Corey is giving away of copy of her newest book, TWINDERELLA.

Leave ONE COMMENT on this blog post to enter. You are eligible to win if you are a registered Storystorm participant and you have commented once below. Prizes will be given away at the conclusion of the event.

Good luck!


by Corey Rosen Schwartz

Most of my picture book ideas have come from my own children. Unfortunately, they are getting older so I am a little short on material lately. I can no longer rely on them to say things like “Mommy, come quick, Josh is in the oven!” or “Today my class is going to a burrito farm!” (Best I can tell, that was a trip to an arboretum?)

Now that eavesdropping isn’t effective anymore, I need other strategies for generating ideas. One method I frequently employ is titlestorming. I sit down with my writing partner, Becky Gomez, and we try to come up with a list of fun titles.

I am a very language-driven writer (as opposed to plot or character-driven) so very often these titles incorporate wordplay.

There are all sorts of ways to play with words.

Clever Combos

One option is to create a new word by combining two existing words. Tara, the queen of wordplay, did this with her debut title THE MONSTORE. Other fun fusions include ORANGUTANGLED by Sudipta Bardhan-Quallen, THE Aaron Zenz, and MOOSETACHE by Margie Palatini.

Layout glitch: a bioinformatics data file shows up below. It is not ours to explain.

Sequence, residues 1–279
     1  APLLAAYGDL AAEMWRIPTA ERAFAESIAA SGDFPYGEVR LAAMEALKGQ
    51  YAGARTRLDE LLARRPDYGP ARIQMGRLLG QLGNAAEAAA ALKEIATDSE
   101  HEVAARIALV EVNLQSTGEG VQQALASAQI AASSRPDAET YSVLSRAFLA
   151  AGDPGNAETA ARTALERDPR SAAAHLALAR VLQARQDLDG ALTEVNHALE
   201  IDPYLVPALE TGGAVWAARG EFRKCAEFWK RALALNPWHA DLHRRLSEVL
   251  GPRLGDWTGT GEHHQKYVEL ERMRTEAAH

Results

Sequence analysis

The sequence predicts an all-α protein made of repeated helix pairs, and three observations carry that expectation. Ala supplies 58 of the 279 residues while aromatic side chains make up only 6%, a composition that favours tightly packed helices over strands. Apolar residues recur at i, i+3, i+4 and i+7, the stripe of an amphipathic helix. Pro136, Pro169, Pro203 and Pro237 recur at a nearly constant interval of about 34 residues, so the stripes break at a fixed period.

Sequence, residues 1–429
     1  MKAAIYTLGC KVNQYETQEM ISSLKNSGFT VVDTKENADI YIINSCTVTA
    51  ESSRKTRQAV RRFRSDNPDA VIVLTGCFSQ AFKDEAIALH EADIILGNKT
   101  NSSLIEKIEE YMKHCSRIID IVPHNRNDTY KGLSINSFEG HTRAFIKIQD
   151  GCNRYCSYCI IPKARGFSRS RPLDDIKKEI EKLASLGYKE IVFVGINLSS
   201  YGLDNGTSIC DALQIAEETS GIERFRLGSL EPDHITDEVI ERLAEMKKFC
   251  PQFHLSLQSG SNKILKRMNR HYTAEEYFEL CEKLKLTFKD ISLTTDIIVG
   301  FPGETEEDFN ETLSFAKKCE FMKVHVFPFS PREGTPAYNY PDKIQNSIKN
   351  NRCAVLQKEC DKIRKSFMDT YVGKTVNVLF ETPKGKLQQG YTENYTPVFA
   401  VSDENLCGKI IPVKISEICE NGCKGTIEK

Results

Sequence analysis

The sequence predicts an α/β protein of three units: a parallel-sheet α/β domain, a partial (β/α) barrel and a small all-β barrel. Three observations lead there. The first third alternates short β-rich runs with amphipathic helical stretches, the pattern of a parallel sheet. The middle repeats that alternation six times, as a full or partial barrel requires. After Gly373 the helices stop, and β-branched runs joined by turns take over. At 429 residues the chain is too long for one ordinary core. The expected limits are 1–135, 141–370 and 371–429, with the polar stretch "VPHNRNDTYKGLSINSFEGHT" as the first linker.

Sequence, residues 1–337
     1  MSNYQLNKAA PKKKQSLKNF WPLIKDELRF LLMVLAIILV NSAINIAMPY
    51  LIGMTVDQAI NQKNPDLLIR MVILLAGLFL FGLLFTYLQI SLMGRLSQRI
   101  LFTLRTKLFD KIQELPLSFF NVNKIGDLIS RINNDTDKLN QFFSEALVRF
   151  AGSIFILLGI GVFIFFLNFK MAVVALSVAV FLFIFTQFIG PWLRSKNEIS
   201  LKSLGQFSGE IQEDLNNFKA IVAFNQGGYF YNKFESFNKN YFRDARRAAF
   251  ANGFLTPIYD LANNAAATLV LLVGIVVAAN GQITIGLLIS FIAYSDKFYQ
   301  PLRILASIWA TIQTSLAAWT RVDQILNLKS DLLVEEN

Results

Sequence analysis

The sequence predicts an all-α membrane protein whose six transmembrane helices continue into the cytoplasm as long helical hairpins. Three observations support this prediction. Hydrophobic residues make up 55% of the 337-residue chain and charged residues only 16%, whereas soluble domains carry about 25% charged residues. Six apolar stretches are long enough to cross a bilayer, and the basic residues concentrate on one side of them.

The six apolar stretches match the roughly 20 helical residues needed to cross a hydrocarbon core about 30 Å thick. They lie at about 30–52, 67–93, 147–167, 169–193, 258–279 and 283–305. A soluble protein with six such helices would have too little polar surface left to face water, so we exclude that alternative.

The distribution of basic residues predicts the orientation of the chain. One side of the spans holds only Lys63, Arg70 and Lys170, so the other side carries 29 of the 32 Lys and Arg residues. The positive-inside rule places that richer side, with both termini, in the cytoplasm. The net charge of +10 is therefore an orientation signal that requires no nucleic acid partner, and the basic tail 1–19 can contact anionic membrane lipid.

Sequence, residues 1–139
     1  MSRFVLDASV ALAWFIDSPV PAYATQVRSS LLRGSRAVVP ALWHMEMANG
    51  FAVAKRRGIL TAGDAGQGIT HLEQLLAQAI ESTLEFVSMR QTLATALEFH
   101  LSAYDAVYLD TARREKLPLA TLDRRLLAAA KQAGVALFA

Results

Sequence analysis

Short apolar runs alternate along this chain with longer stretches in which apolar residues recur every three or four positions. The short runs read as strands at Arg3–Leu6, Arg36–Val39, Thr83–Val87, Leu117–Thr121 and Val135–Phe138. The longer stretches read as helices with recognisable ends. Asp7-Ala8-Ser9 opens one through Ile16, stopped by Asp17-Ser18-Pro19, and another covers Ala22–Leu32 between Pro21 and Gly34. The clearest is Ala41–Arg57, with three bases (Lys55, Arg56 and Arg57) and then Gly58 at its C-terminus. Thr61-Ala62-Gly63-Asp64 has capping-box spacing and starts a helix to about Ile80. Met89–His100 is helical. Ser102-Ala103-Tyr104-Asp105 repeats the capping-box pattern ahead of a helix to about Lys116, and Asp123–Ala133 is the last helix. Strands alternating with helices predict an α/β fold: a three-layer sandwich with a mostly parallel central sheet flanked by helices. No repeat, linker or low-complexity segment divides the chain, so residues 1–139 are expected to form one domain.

monstorefrontcover orangutangled hiccupotamus1moosetache

Hokey Homonyms

Another way is to replace a word with its homonym. In 2009, I came up with the idea TYRANNOSAURUS WRECKS. But I didn’t move quickly enough. Sudipta beat me to it. Other examples of this include Keith Baker’s LMNO PEAS and Tara’s upcoming 7 ATE 9.

tywrecks lmno-peas 7ate9cover

Go for the Rhyme

This, of course, is my favorite technique. In 2010, I came up with GOLDI ROCKS & THE THREE BEARS and TWINDERELLA: A FRACTIONED FAIRY TALE. But it also works with stories that are not fractured fairy tales. Here are just a few that come to mind:


Get Crazy Creative

Then there are all sorts of crazy ways to get creative that defy categorization. Invent words. Experiment with spellings. Play with pronunciations. Take a figure of speech and make it literal.

yeti poultry hogwashpete-pizza

So, give those titles a twist. Let the syllables slip, slap, slide off your tongue and see what sort of fun comes out.

corey-author-photoCorey Rosen Schwartz is the author of several rhyming picture books and fractured fairy tales., HENSEL & GRETEL: NINJA CHICKS, in which two chicken sisters defeat a fox and rescue their parents, is the latest of her punny titles. Corey has no formal ninja training, but she sure can kick-butt in Scrabble. She lives with three Knuckleheads in Warren, NJ. 

Visit her online at and follow her on Twitter @CoreyPBNinja.


Corey is giving away a signed copy of HENSEL & GRETEL: NINJA CHICKS.


Leave ONE COMMENT below to enter. You are eligible to win if you are a registered Storystorm participant and you have commented once on this blog post. Prizes will be given away at the conclusion of the event.

Good luck!